• New Zealand is really a world leader in species conservation and has a lot of diversity in birds that doesn’t exist elsewhere. Instead of cows, we have takahē (now 70 years from re-discovery). It’s hard to digest grass!
  • Alberta has no rats but winter is a big advantage there. The rats will freeze to death on the Prairies if they don’t have anywhere to shelter from the cold.
  • Practical vs theory-based approach. The work with saving species has been carried out by the Wildlife Service and later the Department of Conservation, who were very practical-minded, as opposed to more theory-based conservation work in North America. Makes me think of some of what Amy Ko has written about theory in computer science, specifically human-computer interaction. The NZ approach tends to resonate with me; I’m more concrete than many other academics.
  • Species versus ecosystems. The author points out that we’ve often focussed on particular bird species (charismatic megafauna, in someone else’s words). That’s OK if it’s an indicator species, but could also be a bad metric. It is, however, easier to measure than ecosystem health. I also think the now broadly-understood notion of “ecosystem services” postdates this book.
  • Local extinction versus global extinction. We worry about global extinction of a species, but that happens after all the populations are wiped out.
  • The author also does some analysis to figure out which of the predators killed which of the species. This is sometimes important but I guess New Zealand these days aspires to eliminate all of rats, stoats, and possums, so maybe it doesn’t matter so much. Cats, though, aren’t talked about as much. The infamous Stephens Island lighthouse keeper cat killed the last Stephens Island wrens, but the author points out that they were already driven to extinction elsewhere, not by cats.

Interesting facts that I didn’t know:

  • species from Australia failed to establish in New Zealand because the landscape was so different, at least until the Europeans started modifying the landscape to make it more similar to everywhere else; indeed, most introductions fail, though of course rats, stoats, and possums did not.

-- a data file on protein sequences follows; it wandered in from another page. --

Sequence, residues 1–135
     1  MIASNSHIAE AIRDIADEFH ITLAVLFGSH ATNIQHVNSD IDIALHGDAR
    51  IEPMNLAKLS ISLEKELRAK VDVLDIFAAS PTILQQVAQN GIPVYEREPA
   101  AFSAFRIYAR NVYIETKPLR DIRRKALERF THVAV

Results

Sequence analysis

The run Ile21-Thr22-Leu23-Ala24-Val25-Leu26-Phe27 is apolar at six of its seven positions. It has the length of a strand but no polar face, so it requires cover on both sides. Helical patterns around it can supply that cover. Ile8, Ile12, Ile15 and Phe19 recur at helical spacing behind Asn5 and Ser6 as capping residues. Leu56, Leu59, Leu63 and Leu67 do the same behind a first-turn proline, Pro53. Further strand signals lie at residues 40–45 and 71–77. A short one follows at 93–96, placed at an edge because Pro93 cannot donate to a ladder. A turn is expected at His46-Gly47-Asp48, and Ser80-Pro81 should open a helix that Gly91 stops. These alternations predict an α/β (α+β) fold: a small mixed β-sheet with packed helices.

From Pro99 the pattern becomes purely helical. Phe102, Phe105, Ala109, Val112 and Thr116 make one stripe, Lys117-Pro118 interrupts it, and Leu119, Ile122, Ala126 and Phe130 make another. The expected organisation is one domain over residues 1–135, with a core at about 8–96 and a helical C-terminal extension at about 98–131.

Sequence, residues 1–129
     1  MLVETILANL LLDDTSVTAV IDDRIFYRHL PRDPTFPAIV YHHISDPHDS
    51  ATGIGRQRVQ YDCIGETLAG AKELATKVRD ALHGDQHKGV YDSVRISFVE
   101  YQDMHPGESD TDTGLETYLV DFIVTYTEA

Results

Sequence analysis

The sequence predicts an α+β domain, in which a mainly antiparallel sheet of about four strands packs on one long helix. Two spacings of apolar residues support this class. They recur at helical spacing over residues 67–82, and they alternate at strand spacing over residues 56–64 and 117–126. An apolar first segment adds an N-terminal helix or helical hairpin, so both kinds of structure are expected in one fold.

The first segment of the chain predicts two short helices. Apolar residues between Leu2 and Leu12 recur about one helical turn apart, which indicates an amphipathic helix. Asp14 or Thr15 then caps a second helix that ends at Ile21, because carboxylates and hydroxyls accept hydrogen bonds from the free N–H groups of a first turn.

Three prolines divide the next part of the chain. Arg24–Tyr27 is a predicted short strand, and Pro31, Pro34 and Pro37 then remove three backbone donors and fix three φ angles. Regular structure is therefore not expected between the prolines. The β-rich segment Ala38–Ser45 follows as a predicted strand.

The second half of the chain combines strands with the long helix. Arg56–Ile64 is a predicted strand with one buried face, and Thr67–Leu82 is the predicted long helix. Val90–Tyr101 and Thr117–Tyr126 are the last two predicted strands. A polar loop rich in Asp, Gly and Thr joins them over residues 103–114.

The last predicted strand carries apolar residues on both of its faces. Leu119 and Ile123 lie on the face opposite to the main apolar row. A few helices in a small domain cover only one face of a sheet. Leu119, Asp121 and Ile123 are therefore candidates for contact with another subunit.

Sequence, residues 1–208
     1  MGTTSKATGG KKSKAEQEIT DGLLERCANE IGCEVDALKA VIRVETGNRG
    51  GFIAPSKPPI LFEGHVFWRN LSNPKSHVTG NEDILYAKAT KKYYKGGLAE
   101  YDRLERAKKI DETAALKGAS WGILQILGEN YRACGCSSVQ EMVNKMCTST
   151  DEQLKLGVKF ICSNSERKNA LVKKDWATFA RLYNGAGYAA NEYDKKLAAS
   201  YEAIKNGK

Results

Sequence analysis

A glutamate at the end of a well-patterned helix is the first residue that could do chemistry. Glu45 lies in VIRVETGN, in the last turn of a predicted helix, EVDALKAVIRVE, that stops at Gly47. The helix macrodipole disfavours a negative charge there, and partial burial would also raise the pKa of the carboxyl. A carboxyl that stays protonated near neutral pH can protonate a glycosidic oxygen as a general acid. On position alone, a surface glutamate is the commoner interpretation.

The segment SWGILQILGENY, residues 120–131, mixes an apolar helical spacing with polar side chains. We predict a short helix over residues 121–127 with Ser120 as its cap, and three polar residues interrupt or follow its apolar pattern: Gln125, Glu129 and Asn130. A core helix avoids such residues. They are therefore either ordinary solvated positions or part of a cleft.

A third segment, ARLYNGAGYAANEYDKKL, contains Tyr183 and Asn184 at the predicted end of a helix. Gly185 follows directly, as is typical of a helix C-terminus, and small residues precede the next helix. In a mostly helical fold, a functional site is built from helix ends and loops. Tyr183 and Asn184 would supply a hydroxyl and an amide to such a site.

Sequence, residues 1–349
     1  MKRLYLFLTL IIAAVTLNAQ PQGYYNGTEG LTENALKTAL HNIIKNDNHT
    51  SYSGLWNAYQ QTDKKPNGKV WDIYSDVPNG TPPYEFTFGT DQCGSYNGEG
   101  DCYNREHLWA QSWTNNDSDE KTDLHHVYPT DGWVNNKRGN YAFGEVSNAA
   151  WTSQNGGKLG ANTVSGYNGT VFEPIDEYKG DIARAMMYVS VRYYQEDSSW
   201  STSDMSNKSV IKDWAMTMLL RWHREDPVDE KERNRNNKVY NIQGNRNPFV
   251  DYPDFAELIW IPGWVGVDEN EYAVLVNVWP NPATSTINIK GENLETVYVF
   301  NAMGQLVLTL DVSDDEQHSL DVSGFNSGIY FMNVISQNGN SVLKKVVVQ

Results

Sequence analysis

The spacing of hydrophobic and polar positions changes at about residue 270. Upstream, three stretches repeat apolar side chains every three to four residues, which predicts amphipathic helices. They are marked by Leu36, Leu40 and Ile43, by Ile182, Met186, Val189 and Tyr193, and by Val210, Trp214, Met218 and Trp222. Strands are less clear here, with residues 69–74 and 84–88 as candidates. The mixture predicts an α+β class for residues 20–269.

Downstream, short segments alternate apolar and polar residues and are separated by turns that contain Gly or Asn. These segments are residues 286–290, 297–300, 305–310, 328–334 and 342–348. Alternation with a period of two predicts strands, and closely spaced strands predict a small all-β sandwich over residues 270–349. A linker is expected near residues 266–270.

• two notes about birds that formed male/male pairs, in one case until young females became available (and then they paired with the young females).
  • NZ reptiles basically don’t go anywhere: if you release them they are going to stay basically there. Makes it easy to re-find them I guess.
  • Matiu/Somes Island has a unique species of tuatara (which we did not spot when we were just there last weekend.)
  • section heading: “Possums, the all-round bad guys.”
  • muttonbirding (harvest of newly-fledged sooty shearwater/tītī) is allowed by the Deed of Cession of the relevant land and sustainable because most of the fledglings don’t survive anyway.
  • the rule of thumb of 50 short-term and 500-long term individuals for a viable population (vs inbreeding) doesn’t seem to be well-supported by evidence; we don’t quite know why kākāpō are so hopeless at living (is it inbreeding?)

Great quote:

  • “Jared Diamond likens a winged rail on a predator-free island to a backpacker placing 15 kilograms of bricks in her pack then tramping on half-rations.”

The 20kg of gear I was carrying the other day felt heavy.

Classic photo of me being overencumbered from a Rainier attempt in 2008. I don't remember if we recorded pack weight. Definitely too much cheese.

Most of the book aims to be scientific and to analyze root causes from an ecologist’s perspective. She does provide a call to action in the final chapter. “Our biota is part of humanity’s global heritage”.